Bradley: Okay. Again, just the last couple days, I've learned a lot about this and seen some real reason … The site that I'm applying all these techniques on is for a national based site, and so you have to get into that level of SEO optimization. Now I'm still used to doing local and usually most of my local sites are like city specific. They don't usually have much like larger service areas where I have to do real complex silo structuring because usually when I'm targeting multiple cities, I create multiple physical locations and I use separate subdomains for each city, so each individual site build is really only optimized for one city, which makes it so much easier.
When you get into doing like national SEO or service area SEO but it's a large service area and you do it all from one location or one website, that's where it starts to get more complex and these content stacking strategies and proper structure and proper on-page optimization becomes so much more important, right? That's why I'm saying like these are just some amazing information can help with that kind of stuff.
Do You Still Recommend Using High Quality Spun Articles For SEO?
He's got the best high quality spun articles and God, this is really, really bad. What is … Superspunarticles.com. Let's go there go for a second, and then I'm going to share the other provider too. Superspunarticle.com. Keith if this isn't you, please reach out to me and tell me because I'm … Yeah, this should be it. This should …
Adam: No, that's him, that's him.
Bradley: That's Keith. Okay. Yeah. If you're looking for Super Spun Articles, I would recommend going to Keith. I haven't done a whole lot of spam work where I've needed these and quite some time but when I did a couple years ago, he was my go-to guy. There's no doubt and I trusted multiple services, and he was the best hands down. I endorsed his Super Spun article service without a doubt. As far as individual content, I've been using this a lot recently because my primary writer has been really backed up with other work. Let's see. I probably had it. There we go. Natashanixon.com, so I'll grab both of these URLs and paste them on the page.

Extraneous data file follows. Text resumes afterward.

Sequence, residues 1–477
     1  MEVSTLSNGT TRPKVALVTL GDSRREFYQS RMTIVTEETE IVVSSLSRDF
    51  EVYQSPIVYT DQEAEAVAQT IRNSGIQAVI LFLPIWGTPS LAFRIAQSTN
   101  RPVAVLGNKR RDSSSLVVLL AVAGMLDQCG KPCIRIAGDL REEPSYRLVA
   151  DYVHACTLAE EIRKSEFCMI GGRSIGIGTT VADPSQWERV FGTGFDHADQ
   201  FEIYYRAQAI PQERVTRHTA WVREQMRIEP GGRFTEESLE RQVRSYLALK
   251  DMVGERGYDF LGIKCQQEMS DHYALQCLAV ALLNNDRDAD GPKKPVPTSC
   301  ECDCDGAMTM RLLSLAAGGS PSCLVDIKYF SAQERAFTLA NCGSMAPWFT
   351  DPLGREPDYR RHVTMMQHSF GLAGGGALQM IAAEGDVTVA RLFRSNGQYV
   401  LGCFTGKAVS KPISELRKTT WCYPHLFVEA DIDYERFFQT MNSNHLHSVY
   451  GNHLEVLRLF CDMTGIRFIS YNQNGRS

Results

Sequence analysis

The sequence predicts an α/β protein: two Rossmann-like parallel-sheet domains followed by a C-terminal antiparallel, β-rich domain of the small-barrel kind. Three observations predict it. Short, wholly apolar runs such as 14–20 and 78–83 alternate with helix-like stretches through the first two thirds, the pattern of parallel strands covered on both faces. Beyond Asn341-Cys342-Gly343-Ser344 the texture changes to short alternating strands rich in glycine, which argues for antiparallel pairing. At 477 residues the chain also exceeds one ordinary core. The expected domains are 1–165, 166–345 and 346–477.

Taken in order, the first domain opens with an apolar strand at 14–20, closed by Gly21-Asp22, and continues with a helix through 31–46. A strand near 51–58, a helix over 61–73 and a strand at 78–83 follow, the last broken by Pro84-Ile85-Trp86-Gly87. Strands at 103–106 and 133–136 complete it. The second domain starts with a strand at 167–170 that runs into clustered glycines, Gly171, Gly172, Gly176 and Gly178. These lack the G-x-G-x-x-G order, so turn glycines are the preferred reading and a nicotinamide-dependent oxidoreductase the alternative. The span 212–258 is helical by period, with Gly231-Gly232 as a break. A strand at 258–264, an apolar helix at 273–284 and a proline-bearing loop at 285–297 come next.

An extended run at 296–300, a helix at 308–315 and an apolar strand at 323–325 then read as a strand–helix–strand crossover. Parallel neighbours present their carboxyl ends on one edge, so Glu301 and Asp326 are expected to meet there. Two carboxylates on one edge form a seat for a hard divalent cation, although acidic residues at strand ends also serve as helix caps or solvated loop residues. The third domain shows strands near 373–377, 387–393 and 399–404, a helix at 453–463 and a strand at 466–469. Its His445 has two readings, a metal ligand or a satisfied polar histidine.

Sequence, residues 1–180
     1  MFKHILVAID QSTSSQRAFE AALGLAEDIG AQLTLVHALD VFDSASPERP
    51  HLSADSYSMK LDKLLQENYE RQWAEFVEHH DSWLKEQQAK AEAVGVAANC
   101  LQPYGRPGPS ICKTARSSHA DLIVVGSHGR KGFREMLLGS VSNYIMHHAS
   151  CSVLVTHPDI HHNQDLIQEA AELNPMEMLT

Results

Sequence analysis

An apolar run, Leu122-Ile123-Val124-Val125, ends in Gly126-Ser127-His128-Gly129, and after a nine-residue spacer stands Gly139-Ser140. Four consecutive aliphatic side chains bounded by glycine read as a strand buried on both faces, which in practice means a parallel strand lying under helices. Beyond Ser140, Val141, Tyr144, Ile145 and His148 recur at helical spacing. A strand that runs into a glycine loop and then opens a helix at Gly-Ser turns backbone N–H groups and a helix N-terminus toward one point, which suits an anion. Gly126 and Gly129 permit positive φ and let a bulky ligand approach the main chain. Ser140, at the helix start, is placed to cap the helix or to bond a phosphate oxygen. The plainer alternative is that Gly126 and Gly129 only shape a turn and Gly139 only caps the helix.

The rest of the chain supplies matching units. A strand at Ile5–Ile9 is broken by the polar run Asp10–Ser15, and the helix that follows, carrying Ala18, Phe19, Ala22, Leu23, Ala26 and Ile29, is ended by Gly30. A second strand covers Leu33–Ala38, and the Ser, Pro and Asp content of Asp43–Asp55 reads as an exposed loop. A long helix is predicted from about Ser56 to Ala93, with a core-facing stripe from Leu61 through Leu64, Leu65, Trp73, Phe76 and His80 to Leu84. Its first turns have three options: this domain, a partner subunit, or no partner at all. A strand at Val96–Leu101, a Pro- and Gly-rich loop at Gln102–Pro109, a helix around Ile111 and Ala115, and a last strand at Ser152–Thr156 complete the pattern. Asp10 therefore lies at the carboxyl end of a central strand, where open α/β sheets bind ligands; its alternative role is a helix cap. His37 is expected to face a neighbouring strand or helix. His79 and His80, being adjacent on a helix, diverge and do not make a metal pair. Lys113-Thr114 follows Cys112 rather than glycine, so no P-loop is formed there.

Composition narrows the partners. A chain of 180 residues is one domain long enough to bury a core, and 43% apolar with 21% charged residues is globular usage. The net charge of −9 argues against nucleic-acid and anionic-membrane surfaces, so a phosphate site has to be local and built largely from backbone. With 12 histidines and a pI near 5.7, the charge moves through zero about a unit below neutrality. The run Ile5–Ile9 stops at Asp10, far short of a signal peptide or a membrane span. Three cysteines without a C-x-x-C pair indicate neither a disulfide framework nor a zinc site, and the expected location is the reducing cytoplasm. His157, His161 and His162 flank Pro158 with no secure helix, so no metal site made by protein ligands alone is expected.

For her, let me show you. I'll show you which service specifically I use for web page content because I've been using her recently a lot or I say her. Natasha Nixon, that website, I've been using that a lot for content. Under the select service, I select authority content. That's for web page content, right. If you're doing content for link building, again if you need something spun, go here. If you're using it for a money site content, you want to select authority content, and I think it comes out to be about eight cents per word. Oops. Yeah, it's about eight cents per word, right? $80 for a 1000 word article, and so I usually buy the 1500 or 2000 word articles for web page content. That's typically what I pay for. Even 2000 words, I means 160 bucks but it's good content.
I've really only had to have a couple of edits made and I've bought a few dozen articles from her now or from this website I should say. Okay, check it out. Good question though. We're almost out of time guys. We're going to run through a few more.
What Is The Main Difference Between Mailshaker & Quick Mail.io?
Actually it was yesterday morning, and we just got accessed for testing purposes and I'm actually going to be using this same tool, the content assistant tool part of the cognitive SEO's app or applications suite of tools. I'm going to be using that in conjunction with the on-page training that I'm taking from Jeffery Smith and the SEO bootcamp. I'm going to be combining those two. I'm going to be using all the structure and internal link building and on-page optimization tips from the SEO bootcamp training for this authority site that's a national based site, and then I'm also going to be using the cognitive SEO and content helper tool to help to optimize the content based upon the data that that provides.
Again, this is stuff that well it'll be shared in a mastermind. It's likely not going to be shared outside of the mastermind, but yeah because I'm really looking to use both of those tools if that makes sense so I don't know about ABS tool. AB usually produces good products though. I'm not going to lie, so if that's what you got, use it. All right. Okay. This post is from [Anwar 00:51:41]. He is our other semantic mastery approved phone verified account creator. There's two of them that we endorse, right? Guys, it's just a pain in the ass to create phone verified accounts. There are often issues even with pre-purchased ones, but these are two providers that have taken care of us, right?